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Sales Make it Happen

"App. Only" is for "Girlie Men" *

by Christopher "Kit" Menkin

The trend in equipment leasing the last five years has been "application only," with companies such as Balboa Capital and Main Street National Bank today advertising they go up to $250,000 with this procedure. Machine Tool Finance states on their web site they go up to $350,000 "application only." Even a hold out major funder has gone along with this trend: Bank of the West Leasing for over a year, perhaps longer, considers "application only," but at a different "buy rate" than with "financial statements;" yes, higher rate, of course.)

The thrust in sales since the founding of Direct Capital and Preferred Capital has been approval by mail with "credit cards" or by fax in certain states, followed by telemarketing. The computer scoring by Dun & Bradstreet, Faire Issac and PayNet presents "pre-approvals." The callers read from a script, even make 200 calls or more a day, telling the "prospect" they have been approved for $75,000 or $100,000.

Many of these companies were started by salesmen of small lessors or brokers, who knew telemarketing, but not sales. They also did $1.00 out leases and no lease account. They were "sales." They has a computer strategy, bought lists, find industries, have "credit consultants" who create industry lists to call. Their basic sales training is "make those telephone calls."

Today with the wireless communication and abilities, there is very little "eyeball to eyeball" selling in the small ticket soon to be middle-market leasing, according to Jeff Taylor's latest book, "The Future of Equipment Leasing."

This also has created a divide between "A" and "B" credits, leaving "C" and "D" to the old timers, who can read a financial statement and know how to sell a deal by the merits they have discovered.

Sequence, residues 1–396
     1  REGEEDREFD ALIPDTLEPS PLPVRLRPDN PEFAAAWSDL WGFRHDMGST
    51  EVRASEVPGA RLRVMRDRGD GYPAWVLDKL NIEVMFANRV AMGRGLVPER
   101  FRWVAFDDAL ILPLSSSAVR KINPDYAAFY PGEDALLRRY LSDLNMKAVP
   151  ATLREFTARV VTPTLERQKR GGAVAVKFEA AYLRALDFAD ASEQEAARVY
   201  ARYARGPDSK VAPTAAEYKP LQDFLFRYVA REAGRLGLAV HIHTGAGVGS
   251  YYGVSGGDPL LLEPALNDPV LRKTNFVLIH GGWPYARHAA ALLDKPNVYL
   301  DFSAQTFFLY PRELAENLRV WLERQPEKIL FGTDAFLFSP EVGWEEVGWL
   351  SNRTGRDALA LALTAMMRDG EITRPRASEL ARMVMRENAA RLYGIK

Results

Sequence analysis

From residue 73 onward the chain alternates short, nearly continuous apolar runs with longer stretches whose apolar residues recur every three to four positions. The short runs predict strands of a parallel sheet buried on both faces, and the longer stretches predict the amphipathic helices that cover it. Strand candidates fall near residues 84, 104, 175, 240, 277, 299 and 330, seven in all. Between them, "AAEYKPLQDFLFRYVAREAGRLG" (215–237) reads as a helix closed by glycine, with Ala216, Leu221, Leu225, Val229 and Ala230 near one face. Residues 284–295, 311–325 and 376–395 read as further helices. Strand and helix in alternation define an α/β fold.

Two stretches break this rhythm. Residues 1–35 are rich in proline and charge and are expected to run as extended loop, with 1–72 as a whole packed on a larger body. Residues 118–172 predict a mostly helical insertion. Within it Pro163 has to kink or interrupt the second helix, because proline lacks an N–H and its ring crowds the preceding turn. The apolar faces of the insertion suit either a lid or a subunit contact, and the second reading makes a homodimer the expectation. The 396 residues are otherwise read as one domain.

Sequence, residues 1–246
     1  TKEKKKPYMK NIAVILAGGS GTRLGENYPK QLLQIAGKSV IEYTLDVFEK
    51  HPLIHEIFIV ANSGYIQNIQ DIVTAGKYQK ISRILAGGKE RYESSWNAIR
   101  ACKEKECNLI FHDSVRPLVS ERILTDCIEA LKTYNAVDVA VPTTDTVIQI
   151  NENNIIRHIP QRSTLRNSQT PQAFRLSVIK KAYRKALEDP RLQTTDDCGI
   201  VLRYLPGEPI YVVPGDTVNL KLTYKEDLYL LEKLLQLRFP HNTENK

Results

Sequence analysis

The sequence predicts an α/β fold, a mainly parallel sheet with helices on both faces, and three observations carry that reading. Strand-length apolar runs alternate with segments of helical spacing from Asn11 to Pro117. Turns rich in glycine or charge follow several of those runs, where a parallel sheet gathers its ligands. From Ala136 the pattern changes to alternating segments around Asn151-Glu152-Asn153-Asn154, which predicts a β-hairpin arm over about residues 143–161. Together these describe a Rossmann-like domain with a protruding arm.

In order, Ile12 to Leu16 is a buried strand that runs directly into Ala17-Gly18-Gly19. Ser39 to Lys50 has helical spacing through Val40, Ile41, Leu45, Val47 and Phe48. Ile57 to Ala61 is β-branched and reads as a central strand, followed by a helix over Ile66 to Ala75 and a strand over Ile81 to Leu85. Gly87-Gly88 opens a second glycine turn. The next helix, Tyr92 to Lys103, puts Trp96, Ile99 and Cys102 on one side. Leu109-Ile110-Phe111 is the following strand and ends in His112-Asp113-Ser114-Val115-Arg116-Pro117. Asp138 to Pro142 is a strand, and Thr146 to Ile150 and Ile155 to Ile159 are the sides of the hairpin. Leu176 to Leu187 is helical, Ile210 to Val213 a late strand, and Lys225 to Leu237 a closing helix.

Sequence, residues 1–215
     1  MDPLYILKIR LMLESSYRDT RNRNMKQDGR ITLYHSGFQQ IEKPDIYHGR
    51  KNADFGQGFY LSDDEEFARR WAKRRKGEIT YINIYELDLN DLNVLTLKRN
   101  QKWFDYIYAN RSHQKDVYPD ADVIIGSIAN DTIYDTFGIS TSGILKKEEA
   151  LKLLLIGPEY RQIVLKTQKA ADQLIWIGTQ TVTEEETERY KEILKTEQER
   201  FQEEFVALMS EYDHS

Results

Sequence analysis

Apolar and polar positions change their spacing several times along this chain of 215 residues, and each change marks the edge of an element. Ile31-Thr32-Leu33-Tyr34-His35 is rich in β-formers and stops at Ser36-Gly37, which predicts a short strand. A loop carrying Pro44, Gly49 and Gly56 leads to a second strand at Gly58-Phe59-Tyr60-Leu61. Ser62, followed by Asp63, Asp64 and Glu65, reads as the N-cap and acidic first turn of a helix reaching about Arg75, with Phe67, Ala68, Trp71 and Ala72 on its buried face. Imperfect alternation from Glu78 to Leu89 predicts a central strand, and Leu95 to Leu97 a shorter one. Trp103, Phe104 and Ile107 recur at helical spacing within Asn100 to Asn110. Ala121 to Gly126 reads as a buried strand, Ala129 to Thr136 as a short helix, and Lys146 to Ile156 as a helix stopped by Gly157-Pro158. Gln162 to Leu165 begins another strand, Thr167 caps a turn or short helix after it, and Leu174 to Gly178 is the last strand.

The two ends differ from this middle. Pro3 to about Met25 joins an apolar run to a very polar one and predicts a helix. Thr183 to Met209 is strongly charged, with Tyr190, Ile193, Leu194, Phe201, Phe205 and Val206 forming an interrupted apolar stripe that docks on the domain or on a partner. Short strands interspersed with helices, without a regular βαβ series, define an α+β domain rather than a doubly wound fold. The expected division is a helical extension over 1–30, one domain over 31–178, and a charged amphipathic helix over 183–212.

They have become "customer service representatives," more a fisherman in the process, throwing out the hook, catching the fish, but another decides if they want to keep it or not.

This trend is also happening in the banking and other financial services where the individual attracts the customer and another department evaluates and actually processes what the "customer service representative" has caught.

It's an old question; where does one go to learn the equipment leasing business? There are few, if any, formal courses of study at universities, and the so called schools are really teaching people to become lease brokers, not salesmen. Others are pure tax, which are the million dollar deals of sale/leasebacks in Europe and the United States.

And think about it, company salesmen don't go to the leasing association conferences. It is the broker and smaller lessor who go there to meet funders and learn their business, not the company telemarketers or even professional sales personnel. The associations make available a lot of information at the conferences, and the National Association of Equipment Leasing Brokers (NAELB) has even started a weekly telephone conference "Meet the Funder" and "Distance Learning Session," with the first one On Being a Broker." The second module, also by Gerry Egan, is out now titled, "Vendor Value." (I was privileged to see a preview copy, which is only available to NAELB members. It is top material; a classic.)

So where do they learn about understanding tough credits and how to sell them? In the old days, they were bankers or finance officers who were taught to make lending decisions based on trade references, financial statements, collateral, and the type of industry; their financial-credit experience. They entered the leasing business and many made a ton of money.

Dun & Bradstreet has an excellent financial statement course, and there are many junior and regular colleges where you can take courses at night. Fitch has a group, too, as does the Alta Group. Steve Chriest also has developed an internet module on line.